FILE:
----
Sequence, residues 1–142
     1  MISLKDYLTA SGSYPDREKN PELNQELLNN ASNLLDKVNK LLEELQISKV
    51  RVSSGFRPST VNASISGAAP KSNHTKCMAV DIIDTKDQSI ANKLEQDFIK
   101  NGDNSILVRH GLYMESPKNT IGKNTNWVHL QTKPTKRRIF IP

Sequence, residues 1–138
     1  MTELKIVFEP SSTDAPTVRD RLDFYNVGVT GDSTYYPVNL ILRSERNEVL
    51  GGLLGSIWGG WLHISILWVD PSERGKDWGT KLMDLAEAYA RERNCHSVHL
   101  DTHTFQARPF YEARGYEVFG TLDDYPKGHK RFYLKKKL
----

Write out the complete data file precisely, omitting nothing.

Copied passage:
Sequence, residues 1–142
     1  MISLKDYLTA SGSYPDREKN PELNQELLNN ASNLLDKVNK LLEELQISKV
    51  RVSSGFRPST VNASISGAAP KSNHTKCMAV DIIDTKDQSI ANKLEQDFIK
   101  NGDNSILVRH GLYMESPKNT IGKNTNWVHL QTKPTKRRIF IP

Sequence, residues 1–138
     1  MTELKIVFEP SSTDAPTVRD RLDFYNVGVT GDSTYYPVNL ILRSERNEVL
    51  GGLLGSIWGG WLHISILWVD PSERGKDWGT KLMDLAEAYA RERNCHSVHL
   101  DTHTFQARPF YEARGYEVFG TLDDYPKGHK RFYLKKKL